Selventa Changes Name from Genstruct, Reveals New Efforts to Help Pharma Match Patients with Right Drugs
The complex field of systems biology might be in need of some clarification. Cambridge, MA-based Selventa has been renamed from its former moniker Genstruct as part of an effort to clarify to pharmaceutical companies and others in the life sciences industry how the firm uses computational methods to help its customers match patients with the best drugs.
In fact, the new name, Selventa, comes from the Finnish verb that literally means “to clarify,” said David de Graaf, the company’s chief scientist. For those of you who had not even heard of Genstruct, the firm has been around since 2002 and has raised venture capital from well-known life sciences investors Flagship Ventures and Pappas Ventures.
To hear de Graaf and his colleagues, their company is doing a lot more than undergoing a name change. (They also say that the company is already profitable, which leads me to believe that this new name is in no way a last-ditch effort to reinvent a struggling operation.) The firm is stepping up efforts publish information about its research and technology, having kept the details of how its software works largely under wraps in the past. And the firm is also offering its customers licenses to use its software in their labs, in addition to charging fees for services it provides.
Selventa is also looking to structure its deals with drug companies in a way that rewards the firm for the successes its partners achieve with its technology. This is a major change from the company’s previous focus on making money on a fee-for-service basis, company executives say.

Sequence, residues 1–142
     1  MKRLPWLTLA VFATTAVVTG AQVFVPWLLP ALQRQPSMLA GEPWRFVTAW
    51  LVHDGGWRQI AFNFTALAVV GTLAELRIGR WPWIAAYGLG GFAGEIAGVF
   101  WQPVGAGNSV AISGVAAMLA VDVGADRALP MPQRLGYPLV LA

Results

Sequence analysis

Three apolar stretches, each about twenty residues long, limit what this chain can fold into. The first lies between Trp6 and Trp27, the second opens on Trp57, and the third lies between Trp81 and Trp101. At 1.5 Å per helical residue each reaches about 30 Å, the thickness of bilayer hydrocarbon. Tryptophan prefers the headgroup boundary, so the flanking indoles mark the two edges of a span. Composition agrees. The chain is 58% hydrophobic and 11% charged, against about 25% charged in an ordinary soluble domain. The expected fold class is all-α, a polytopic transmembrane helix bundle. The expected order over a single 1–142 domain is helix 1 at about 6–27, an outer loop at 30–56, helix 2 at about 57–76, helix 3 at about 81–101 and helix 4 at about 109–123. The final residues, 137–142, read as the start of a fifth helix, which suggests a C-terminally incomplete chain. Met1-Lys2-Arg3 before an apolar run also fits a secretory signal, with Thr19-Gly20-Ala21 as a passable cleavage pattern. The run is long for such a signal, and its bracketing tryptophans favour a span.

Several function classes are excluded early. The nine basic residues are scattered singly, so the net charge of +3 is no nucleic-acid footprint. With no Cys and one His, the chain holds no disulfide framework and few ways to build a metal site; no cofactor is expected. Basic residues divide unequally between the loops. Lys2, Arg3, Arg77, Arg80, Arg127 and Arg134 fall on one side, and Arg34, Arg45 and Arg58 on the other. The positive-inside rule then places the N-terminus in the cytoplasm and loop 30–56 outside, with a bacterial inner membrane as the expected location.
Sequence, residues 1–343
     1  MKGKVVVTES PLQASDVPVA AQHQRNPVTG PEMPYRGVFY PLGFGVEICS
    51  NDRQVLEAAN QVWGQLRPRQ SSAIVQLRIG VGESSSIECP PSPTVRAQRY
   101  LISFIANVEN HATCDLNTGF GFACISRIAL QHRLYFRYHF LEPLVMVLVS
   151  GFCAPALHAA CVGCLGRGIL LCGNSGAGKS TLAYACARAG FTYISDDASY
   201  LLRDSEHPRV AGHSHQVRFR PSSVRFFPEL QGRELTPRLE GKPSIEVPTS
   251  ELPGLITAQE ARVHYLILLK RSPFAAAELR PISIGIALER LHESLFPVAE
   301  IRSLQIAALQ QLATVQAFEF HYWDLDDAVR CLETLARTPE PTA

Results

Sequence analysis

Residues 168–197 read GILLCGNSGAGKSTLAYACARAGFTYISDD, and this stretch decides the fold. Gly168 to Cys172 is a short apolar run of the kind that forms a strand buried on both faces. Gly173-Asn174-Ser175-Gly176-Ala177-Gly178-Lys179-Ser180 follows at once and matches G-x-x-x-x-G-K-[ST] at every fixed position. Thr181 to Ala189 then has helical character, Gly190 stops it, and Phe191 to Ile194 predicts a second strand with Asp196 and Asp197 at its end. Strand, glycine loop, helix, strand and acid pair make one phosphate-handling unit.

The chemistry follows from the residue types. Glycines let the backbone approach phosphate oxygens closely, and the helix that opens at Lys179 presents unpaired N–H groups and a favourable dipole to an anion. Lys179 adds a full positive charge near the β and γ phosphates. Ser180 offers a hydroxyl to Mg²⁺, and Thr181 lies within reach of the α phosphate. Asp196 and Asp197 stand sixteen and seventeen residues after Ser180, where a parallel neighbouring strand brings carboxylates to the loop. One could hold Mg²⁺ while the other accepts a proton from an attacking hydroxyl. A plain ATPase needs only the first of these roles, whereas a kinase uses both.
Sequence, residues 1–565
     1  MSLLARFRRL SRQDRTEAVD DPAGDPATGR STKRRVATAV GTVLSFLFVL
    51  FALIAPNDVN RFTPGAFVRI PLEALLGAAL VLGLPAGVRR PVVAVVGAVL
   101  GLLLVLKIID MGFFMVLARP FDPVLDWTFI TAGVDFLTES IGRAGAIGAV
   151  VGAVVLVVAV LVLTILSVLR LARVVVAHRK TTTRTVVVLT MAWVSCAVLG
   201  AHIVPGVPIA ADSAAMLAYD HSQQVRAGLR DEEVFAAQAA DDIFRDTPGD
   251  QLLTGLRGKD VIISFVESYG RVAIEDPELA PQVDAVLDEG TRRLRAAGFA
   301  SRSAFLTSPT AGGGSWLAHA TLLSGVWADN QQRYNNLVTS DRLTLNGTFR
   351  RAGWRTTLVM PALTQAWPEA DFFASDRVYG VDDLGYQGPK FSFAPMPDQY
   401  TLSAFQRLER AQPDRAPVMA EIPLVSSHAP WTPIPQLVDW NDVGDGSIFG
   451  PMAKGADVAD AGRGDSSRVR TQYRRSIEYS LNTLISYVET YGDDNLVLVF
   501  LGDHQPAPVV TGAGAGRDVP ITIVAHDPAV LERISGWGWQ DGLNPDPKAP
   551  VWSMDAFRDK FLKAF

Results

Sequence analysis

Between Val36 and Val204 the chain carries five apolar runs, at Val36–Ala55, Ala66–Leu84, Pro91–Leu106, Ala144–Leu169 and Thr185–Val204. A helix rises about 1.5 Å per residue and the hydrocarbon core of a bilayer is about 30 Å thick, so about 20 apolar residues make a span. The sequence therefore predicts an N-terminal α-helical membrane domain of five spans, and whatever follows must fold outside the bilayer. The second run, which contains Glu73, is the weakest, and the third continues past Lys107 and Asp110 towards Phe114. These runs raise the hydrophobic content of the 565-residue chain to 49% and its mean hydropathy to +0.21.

“We want to put our money where our mouth is,” de Graaf says. “We obviously need to [do business] in a way that keeps the doors open and the lights on, but we want to be paid based on success because we very much believe that we can help our partners achieve success.”
Selventa’s technology could accelerate and improve the prospects of the notoriously long and expensive journeys taken to develop a new drug. It takes around $1 billion and 10 years for a company to bring a new drug to market, and the high cost includes expenses from the majority of compounds that fail at some point in the development cycle. The firm’s technology is intended to help drug developers pair optimal treatments with patients—before expensive clinical research such as drug trials are done.
The company’s computational methods use existing data from patients with specific diseases. It then aims to stratify patient populations based on different drivers or mechanisms of disease. The firm builds computer models of the disease for each patient group from … Next Page »